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Political Gridlock Leaves Few Options for Economic Changes that Must Be Made

By: Steve Johnson

2/19/2010 - 42 Comments

Back-to-back record yearly budget deficits coupled with projections for future deficits are clearly unsustainable, even for the U.S.

The budget needs to change directions, from red to green, and the sooner the better.

An angry populous with high unemployment and an entitlement mindset that Congress helped create are as odds with the political leadership.  

The changes that need to be made are going to be very, very difficult for the nation to face

So difficult are that challenges ahead of us that it will require very skilled leadership to lead the nation into directly confronting the recession, which they have done everything to avoid for the last two years.

For all the mistakes Obama has made, he is a very skilled and charismatic leader that is capable of convincing the public that the best thing for our nation is to drastically cut spending. 

But the political climate is so poisonous this election-year that even Obama is going to need help

Deficit Reduction Panel

To help Obama build his case and support for policy changes he has created a ‘deficit reduction panel’.

The panel is likely to highlight solutions like raising the Social Security retirement age, creating new across the board tax increase and increasing the copays and deductibles for Medicare, and other ideas that are far too politically explosive for Obama or Congress to bring up.

The public knows that the problem is too much government spending, yet there is also great oppositions to spending cuts.
"The American people ... want us to get a handle on spending without raising taxes," said Senate Minority Leader Mitch McConnell, R-Ky.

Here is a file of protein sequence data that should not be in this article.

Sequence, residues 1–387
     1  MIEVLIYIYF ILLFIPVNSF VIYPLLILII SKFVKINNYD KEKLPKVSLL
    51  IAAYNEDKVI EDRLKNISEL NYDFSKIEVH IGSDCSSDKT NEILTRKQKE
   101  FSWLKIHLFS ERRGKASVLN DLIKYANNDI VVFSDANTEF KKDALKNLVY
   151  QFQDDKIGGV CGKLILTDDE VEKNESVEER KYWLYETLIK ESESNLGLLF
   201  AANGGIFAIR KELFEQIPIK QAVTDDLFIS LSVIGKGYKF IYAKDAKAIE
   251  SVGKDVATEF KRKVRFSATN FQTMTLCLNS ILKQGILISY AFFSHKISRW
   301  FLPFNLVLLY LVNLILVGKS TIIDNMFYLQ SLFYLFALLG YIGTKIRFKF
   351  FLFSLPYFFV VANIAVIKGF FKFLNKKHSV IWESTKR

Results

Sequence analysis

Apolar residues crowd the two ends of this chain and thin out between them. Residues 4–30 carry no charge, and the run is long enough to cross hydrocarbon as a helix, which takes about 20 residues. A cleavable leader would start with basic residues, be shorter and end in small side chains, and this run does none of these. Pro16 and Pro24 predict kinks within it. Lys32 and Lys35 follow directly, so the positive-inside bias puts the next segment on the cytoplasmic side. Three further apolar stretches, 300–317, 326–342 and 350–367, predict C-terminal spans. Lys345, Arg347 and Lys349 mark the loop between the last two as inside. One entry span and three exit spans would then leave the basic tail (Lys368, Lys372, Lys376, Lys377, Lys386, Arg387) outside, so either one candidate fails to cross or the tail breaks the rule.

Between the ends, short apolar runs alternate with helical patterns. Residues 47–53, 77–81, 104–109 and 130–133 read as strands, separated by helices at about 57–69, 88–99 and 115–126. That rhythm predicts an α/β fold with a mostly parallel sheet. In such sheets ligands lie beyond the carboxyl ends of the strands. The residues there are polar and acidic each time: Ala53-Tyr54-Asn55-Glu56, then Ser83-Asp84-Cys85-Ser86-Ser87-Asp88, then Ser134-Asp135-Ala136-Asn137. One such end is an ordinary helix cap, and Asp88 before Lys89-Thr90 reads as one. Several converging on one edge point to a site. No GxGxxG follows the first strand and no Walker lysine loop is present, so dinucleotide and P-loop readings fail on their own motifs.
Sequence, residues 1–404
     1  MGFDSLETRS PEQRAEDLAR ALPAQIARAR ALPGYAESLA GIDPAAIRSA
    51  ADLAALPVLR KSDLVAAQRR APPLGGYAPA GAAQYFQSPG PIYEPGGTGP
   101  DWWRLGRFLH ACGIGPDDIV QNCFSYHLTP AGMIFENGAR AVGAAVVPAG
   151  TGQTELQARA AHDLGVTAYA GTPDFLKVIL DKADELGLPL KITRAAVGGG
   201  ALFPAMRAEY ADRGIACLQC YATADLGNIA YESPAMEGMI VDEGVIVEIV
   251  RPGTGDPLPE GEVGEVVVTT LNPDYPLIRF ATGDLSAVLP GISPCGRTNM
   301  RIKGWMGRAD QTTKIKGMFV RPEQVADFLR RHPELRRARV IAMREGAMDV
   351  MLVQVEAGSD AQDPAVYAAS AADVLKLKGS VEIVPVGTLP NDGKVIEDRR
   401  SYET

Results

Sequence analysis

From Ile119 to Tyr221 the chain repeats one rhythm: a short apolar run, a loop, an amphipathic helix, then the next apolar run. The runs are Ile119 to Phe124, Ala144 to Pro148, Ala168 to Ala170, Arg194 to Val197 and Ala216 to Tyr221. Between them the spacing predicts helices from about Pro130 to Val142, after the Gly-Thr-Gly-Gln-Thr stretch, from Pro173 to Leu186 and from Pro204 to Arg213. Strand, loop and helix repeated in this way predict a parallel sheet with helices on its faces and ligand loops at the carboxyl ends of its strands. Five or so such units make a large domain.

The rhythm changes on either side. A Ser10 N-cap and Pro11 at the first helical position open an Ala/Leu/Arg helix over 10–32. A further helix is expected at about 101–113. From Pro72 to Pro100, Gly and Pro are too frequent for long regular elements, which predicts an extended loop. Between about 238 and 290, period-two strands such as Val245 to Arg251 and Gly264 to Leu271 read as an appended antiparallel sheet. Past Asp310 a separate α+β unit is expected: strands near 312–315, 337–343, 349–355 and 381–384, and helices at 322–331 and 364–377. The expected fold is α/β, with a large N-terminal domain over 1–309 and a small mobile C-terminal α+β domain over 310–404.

"Americans know our problem is not that we tax too little, but that Washington spends too much."
And while there is increasing public concern about the deficit in opinion polls, there's also lots of opposition to spending cuts.

A CBS News/New York Times poll released last week, for instance found that respondents opposed cuts to education and health care by a 2-1 margin.

Among the few lawmakers willing to put out a comprehensive deficit-cutting plan is Rep. Paul Ryan of Wisconsin, the senior Republican on the House Budget Committee, whose "Roadmap for America's Future" is a free-market treatise that would sharply curb the explosive growth of Medicare, Medicaid and Social Security.”

The deficit reduction panel’s job is to bring up the politically sensitive solutions, far away from Congress or the President. 

But in the end, it will take Presidential leadership to win over the public and Congress to lead the nation back to financial sanity.  And if Obama cannot get it done, then the next President will get the job.

“Here are the kinds of steps the panel is likely to consider as it seeks to tackle deficits that never dip below $700 billion under Obama's budget:

• Raise the retirement age for full Social Security benefits to more than 67 years old and have benefits grow at a less generous inflation rate. Expose more income to Social Security and Medicare payroll taxes.

• Require seniors to pay more Medicare costs out of their own pockets and curb payments to health care providers.

• Raise taxes on people making less than $200,000 a year, requiring Obama to break a signature campaign pledge.

"You're going to have to do all of the above," said Conrad. "You're going to have to do all of the things that people don't want to do."”

Greece is in the process of making these type of changes to get their deficits under control.  Their far-left political leadership is having a lot of trouble with unrest and riots because they we elected to increase handouts – not reduce them.

Obama is in the same position.  It is going to be almost impossible for him to completely reverse his economic policies while maintaining his conviction that what he did in the last two years was the right thing to do.

Obama used up most of his political capital on his health care reform bill that was rejected by the public with the election of Scott Brown.

He lost a lot of momentum and energy with that bill that ended up to be more like quicksand then a feather in his hat.

Perhaps it is going to take the next President to lead the nation back to fiscal sanity.

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